● One of my colleagues was listening to Radio Four (after work, you understand) and heard about proposals to introduce electronic monitoring for home care workers. Lots of buzz phrases about improving care planning, cutting bureaucracy, electronic timesheets and payroll systems were mentioned.
I am sure the Association of Directors of Adult Social Services are pioneering toolkits on piloting the initiative as I write, soon to be joined by a consultation paper from the Association of Directors of Children’s Services, and the General Social Care Council setting up a committee of stakeholders. None of it, of course, monitored.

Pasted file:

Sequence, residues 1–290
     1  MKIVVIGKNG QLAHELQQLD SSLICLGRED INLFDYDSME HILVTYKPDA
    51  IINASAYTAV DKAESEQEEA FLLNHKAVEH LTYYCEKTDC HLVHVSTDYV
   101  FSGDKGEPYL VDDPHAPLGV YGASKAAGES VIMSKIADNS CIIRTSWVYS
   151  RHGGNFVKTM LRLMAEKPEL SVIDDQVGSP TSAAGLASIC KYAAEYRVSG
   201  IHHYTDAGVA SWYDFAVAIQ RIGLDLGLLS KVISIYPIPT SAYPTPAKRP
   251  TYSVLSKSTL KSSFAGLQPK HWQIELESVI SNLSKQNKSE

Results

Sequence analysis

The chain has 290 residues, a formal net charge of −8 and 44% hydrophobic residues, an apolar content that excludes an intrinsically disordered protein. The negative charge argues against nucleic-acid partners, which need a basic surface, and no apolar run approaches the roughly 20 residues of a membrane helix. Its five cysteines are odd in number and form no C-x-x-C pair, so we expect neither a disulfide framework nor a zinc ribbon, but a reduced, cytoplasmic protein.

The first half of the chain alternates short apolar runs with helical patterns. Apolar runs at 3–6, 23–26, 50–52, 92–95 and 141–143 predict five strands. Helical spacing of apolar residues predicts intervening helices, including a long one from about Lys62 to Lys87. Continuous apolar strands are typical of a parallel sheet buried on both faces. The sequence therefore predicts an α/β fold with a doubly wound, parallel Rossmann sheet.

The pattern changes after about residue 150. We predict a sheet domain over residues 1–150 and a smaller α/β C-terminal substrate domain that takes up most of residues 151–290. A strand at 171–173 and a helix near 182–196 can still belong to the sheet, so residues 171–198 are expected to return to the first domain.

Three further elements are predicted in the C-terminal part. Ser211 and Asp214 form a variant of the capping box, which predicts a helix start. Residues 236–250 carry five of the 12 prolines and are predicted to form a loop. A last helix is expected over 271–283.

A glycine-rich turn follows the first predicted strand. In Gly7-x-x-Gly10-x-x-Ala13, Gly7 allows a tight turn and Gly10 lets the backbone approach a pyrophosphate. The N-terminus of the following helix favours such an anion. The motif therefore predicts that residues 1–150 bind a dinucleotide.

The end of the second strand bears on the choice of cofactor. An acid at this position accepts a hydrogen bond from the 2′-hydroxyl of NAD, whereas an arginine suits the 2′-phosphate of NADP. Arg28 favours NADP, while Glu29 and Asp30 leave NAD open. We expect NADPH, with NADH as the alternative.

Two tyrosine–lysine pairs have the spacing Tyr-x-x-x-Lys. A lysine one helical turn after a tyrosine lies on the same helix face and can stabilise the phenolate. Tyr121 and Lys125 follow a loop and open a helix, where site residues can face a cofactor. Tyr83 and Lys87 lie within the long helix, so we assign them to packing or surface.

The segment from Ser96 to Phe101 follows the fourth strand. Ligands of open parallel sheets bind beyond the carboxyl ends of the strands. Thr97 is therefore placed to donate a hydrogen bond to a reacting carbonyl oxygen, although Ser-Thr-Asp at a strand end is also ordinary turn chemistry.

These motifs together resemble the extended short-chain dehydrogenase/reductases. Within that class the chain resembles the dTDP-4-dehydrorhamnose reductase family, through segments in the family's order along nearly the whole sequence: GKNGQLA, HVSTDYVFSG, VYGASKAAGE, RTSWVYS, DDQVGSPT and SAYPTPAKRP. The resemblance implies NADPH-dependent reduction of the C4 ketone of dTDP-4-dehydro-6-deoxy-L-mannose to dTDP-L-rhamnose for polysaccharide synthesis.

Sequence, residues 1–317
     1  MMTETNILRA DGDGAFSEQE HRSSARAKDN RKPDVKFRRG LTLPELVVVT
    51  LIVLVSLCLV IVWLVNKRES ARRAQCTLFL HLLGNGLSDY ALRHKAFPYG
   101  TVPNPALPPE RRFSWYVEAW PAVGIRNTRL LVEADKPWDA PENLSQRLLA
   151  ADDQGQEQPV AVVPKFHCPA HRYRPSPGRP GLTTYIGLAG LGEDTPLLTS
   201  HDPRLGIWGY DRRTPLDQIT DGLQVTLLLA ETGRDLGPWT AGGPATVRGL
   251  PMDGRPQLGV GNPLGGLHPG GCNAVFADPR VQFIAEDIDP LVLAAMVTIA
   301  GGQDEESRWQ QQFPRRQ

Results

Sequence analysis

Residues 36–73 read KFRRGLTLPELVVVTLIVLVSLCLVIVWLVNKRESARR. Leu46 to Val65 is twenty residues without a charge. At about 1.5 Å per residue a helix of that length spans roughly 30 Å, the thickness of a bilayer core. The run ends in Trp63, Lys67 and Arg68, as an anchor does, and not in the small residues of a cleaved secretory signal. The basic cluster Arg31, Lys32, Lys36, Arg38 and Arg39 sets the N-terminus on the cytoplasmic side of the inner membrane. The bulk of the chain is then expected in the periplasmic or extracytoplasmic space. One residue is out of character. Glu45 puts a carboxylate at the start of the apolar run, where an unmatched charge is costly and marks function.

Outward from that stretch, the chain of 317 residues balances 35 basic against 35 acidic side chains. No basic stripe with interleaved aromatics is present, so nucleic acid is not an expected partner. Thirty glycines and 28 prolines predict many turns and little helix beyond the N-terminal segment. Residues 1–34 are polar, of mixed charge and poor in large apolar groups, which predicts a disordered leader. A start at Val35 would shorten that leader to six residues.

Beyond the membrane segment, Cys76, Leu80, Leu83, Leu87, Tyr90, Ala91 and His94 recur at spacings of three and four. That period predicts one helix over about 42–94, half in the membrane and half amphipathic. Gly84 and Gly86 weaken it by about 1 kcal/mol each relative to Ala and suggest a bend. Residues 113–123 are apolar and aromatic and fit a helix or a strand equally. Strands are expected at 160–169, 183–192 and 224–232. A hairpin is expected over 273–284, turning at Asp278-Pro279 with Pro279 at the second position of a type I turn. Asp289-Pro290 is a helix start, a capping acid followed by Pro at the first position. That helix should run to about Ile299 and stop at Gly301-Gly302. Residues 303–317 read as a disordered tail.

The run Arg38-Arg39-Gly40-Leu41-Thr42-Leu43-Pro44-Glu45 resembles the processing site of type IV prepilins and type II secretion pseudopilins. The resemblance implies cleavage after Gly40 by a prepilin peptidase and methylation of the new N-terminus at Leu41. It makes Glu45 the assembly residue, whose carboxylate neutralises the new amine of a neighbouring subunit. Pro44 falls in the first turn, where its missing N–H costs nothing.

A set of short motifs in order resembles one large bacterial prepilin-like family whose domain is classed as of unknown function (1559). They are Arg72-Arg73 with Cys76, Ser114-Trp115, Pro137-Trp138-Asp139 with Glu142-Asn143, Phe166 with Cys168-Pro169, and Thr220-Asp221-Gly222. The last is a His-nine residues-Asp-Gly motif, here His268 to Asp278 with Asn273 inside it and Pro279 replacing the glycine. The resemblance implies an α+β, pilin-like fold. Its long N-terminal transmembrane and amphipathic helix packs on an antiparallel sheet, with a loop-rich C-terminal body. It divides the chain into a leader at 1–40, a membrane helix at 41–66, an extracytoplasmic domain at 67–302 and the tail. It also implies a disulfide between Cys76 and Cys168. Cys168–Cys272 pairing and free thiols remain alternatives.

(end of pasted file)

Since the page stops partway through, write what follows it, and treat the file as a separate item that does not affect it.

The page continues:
In the office teabreak, we wondered whether it would be introduced into social work. One optimistic soul says that it could result in the great panjandrums recognising all the bureaucracy we face, but this is met by guffaws of laughter. Another opines that we could wear futuristic helmets with cameras and hearing devices so our every move can be tracked: reminiscent of the film Terminator, where the audience sees the computer screen on Arnie’s eyeball flash up “F**k you, asshole!”.
But the best Tomorrow’s World-type idea was robots replacing social workers. A recent TV programme showed a Japanese robot (where else?) opening doors and hoovering the house a few more years and they’ll be counselling and offering holistic practice. Far fetched? Well, robots already work in management.
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